Welcome to this week’s edition of Mailbox Monday.
This month Mailbox Monday is being hosted on the dedicated blog for the meme. You can check that blog to see the complete tour schedule in the left hand sidebar.
Here is what arrived at my house this week:
Thanks to James Meader at Picador, I received an Advance Readers Edition of Half-Blood Blues by Esi Edugyan (due for release in the US in March 2012) which was a 2011 Finalist for the Man Booker Prize, won the 2011 Giller Prize, and was shortlisted for the Governor General’s Literary Award for Fiction. The novel opens in Berlin in 1939 where a young trumpet-player named Hieronymus, is arrested in a Paris cafe. The star musician was never heard from again. He was twenty years old. He was a German citizen. And he was black. Fifty years later, Sidney Griffiths, the only witness that day, still refuses to speak of what he saw. When Chip Jones, his friend and fellow band member, comes to visit, recounting the discovery of a strange letter, Sid begins a slow journey towards redemption. Half-Blood Blues is described as “an electric, heart-breaking story about music, race, love and loyalty, and the sacrifices we ask of ourselves, and demand of others, in the name of art.”
Esi Edugyn has a Masters in Writing from Johns Hopkins Writing Seminars. Her work has appeared in several anthologies, including Best New American Voices 2003, ed. Joyce Carol Oates, and Revival: An Anthology of Black Canadian Writing (2006). Her debut novel, The Second Life of Samuel Tyne, was nominated for the Hurston/Wright Legacy Award. Edugyan has held fellowships in the US, Scotland, Iceland, Germany, Hungary, Finland, Spain and Belgium. She has taught creative writing at both Johns Hopkins University and the University of Victoria. She currently lives in Victoria, British Columbia. Read more about Edugyan and her work by visiting the author’s website.
Algonquin Books sent me a copy of Maman’s Homesick Pie: A Persian Heart in an American Kitchenby Donia Bijan as part of BOOK CLUB (discussion on this book will happen on Nicole’s blog on December 13th). Donia Bijan’s family fled to California’s Bay Area in 1978 when the Islamic revolution in Iran threatened their safety. Award-winning chef Donia Bijan’s memoir centers around her mother. Evoking a vibrant kaleidoscope of cultures and cuisines, she shares thirty inspired recipes from her childhood, her French training, and her cooking career.
Donia Bijan graduated from UC Berkeley and the Cordon Bleu in Paris. After presiding over a number of San Francisco acclaimed restaurants and earning awards for her French-inspired cuisine, she ran her own restaurant, L’Amie Donia, in Palo Alto for ten years. Since closing her restaurant in 2004, Bijan has divided her days between raising her son, catering, and writing her memoir. Learn more about Bijan and her work by visiting the author’s website.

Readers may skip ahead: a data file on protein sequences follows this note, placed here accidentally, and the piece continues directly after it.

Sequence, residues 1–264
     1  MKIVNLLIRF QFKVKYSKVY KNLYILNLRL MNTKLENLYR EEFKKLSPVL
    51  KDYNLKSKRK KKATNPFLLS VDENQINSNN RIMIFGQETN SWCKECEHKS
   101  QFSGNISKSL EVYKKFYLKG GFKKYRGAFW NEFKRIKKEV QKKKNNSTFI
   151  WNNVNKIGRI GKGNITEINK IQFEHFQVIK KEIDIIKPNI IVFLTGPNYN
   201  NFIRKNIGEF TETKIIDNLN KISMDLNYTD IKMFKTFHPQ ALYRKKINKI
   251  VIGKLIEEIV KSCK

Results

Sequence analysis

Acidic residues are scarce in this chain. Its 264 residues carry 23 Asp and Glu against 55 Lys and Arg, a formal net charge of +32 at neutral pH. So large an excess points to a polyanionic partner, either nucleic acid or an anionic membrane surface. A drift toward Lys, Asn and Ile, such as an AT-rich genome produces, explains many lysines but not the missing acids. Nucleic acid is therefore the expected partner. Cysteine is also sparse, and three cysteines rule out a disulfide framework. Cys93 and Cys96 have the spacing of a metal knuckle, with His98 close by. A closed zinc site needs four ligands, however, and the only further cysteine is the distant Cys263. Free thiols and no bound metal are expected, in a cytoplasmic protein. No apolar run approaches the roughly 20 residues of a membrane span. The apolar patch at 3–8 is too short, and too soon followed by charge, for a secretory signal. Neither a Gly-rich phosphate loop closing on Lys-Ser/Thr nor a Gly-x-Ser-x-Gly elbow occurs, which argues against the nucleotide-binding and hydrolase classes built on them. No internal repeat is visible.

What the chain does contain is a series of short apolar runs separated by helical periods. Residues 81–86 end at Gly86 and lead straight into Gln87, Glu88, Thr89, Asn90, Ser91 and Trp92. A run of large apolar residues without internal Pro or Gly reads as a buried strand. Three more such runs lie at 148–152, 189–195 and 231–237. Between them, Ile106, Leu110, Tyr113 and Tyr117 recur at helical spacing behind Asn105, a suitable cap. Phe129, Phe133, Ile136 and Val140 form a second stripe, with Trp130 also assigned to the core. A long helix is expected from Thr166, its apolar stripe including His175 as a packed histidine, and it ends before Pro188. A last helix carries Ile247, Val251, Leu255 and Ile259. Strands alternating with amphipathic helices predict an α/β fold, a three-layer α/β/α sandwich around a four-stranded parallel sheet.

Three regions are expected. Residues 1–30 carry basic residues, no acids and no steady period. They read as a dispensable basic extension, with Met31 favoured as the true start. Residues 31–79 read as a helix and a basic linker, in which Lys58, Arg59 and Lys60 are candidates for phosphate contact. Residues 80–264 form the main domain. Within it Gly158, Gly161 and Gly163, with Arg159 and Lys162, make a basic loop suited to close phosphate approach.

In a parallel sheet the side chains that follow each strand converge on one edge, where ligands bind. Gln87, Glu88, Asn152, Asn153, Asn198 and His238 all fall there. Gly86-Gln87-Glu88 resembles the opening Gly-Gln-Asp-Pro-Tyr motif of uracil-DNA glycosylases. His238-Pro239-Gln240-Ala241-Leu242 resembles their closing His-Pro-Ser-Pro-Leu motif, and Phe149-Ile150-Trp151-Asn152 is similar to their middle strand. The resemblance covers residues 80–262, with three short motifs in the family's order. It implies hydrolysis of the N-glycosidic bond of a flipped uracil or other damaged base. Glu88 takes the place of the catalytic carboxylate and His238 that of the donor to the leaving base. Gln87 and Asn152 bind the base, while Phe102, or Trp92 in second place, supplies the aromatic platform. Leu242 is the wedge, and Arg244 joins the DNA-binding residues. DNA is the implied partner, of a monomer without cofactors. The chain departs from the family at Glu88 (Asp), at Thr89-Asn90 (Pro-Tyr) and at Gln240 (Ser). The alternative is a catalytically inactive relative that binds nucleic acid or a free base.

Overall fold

Hyperion Voice sent me an Advance Readers Edition of Arcadia by Lauren Groff (due for release in March 2012). This from the publisher: “Arcadia is the romantic, lush, haunting story of the American Dream and of a gifted young man born into an idealistic community.” The novel takes place in the late 1960s in Western New York State where several dozen idealists set out to live off the land. Centered around a young boy – Ridley Sorrel Stone, known as “Little Bit – the story evolves over three generations as Little Bit grows into a man.
Lauren Groff was born in 1978 in Cooperstown, N.Y. She graduated from Amherst College and has an MFA in fiction from the University of Wisconsin-Madison. Her short stories have appeared in a number of journals, including the New Yorker, The Atlantic Monthly, Ploughshares, Glimmer Train, One Story, and Subtropics. She was awarded the Axton Fellowship in Fiction at the University of Louisville, and has had residencies and fellowships at Yaddo, Bread Loaf Writers’ Conference, and Ragdale. Groff’s first novel, The Monsters of Templeton (2008), was a New York Times and Booksense bestseller, and was shortlisted for the Orange Prize for New Writers. Her second book, Delicate Edible Birds, is a collection of stories. She lives in Gainesville, Florida with her husband and two sons. Read more about Groff and her work by visiting the author’s website.
Did any amazing books find their way into YOUR home this week?